Mack’s concerns are less about the sanctuary proposal itself than the interpretations that might come later down the line necessitating fishing restrictions for conservation purposes. As it stood, the sanctuary nomination only made restrictions on bottom trawlers, cutting off all trawling west of 170 degrees west longitude, an area already largely cut off for Steller sea lion preservation.
AEB natural resources director Ernie Weiss confirmed that several stakeholders including Frank Kelty, natural resource analyst for Unalaska, were in the process of preparing a white paper opposing the nomination to be presented to the North Pacific Fishery Management Council during their upcoming February meeting.
Retired University of Alaska professor and marine biologist Richard Steiner helped draft PEER’s nomination request.
He says the sanctuary intended to save the exact fisheries the AEB is worried about by limiting damaging environmental impacts. Steiner acknowledged that the AEB and other communities were left out of the process due to anticipated opposition, but said PEER did have the support of contact dozens of other local and tribal organizations in the Aleutians, including all tribes within the Alaska Intertribal Council, and had the support of Pat Pletnikoff, the mayor of St. George. Contacting opposing parties for comment, he says, would have done nothing to change their minds.
Steiner says the appearance of unanimous local opposition total area closure was an intentional mischaracterization of the issue by Alaska politicians and NOAA regional administrators. Alaska Rep. Bryce Edgmon introduced a bill on Jan. 21 opposing the nomination, which was signed by Alaska Speaker of the House Mike Chenault.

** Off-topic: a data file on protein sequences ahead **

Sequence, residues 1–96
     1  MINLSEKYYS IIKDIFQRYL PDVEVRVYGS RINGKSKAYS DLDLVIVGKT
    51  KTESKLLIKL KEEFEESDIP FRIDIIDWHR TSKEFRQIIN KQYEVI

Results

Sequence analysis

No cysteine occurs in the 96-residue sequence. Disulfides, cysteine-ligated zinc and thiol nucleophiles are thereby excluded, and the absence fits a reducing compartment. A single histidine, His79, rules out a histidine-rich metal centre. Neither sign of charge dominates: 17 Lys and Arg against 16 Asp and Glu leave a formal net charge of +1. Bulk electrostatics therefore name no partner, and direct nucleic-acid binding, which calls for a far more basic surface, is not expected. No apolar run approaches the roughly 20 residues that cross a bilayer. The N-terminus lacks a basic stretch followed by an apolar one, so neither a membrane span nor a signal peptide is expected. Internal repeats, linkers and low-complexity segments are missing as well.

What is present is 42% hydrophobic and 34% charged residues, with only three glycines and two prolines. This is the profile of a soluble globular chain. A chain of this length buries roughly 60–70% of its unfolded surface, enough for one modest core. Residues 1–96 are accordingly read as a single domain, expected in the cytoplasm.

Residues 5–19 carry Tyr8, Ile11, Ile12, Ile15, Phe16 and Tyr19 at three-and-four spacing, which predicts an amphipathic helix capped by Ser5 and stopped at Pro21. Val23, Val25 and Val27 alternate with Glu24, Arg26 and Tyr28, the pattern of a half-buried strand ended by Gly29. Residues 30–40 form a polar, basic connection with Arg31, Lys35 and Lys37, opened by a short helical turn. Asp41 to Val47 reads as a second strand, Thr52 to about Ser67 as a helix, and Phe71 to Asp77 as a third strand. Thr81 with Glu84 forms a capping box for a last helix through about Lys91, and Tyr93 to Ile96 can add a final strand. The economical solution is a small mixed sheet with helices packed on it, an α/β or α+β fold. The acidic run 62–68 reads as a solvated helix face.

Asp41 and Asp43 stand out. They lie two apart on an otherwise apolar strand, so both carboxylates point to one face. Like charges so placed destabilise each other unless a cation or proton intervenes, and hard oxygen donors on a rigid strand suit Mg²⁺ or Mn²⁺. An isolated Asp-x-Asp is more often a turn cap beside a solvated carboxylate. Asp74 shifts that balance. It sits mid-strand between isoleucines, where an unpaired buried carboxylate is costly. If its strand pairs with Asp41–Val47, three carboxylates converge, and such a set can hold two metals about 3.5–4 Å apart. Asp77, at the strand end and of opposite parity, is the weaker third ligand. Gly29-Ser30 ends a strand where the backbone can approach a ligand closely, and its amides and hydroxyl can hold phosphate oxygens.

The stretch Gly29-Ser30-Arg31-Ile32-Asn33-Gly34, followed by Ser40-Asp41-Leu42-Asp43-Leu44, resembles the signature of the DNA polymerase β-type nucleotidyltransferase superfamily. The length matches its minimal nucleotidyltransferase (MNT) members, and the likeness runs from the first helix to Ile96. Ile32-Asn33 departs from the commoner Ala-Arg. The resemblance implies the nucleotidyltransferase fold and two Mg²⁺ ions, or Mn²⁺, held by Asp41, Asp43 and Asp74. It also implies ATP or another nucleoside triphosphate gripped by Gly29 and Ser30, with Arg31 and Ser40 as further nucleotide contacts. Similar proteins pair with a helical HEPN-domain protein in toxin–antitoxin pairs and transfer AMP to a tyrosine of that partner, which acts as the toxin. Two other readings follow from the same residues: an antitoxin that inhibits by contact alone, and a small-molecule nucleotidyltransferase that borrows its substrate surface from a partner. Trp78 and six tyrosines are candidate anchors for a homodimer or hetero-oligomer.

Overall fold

Regardless of support, Steiner believes the national conservation interests should supersede the local opposition.
“I get that the small communities involved get disproportionate representation,” said Steiner. “But there are 300 million other American citizens who co-own and co-manage these federal waters who deserve a say in how they are managed, who are taxed for federal management.”
The nomination, Steiner said, was a way to test the waters in Alaska regarding an Aleutians reserve. Since NOAA rejected the Aleutians nomination, Steiner is looking to presidential authority to hopefully establish something similar to the 1980 Alaska National Lands Interest Conservation Act, created from a Carter administration federal monument designation in 1977, which reserved over 100 million acres of Alaska land as federal national parks.
The designation is needed, Steiner says, because Alaska marine ecosystems will always be held under the thumb of local interests without foresight for the ecosystem or consideration for the potential tourism dollars national parks and monuments bring.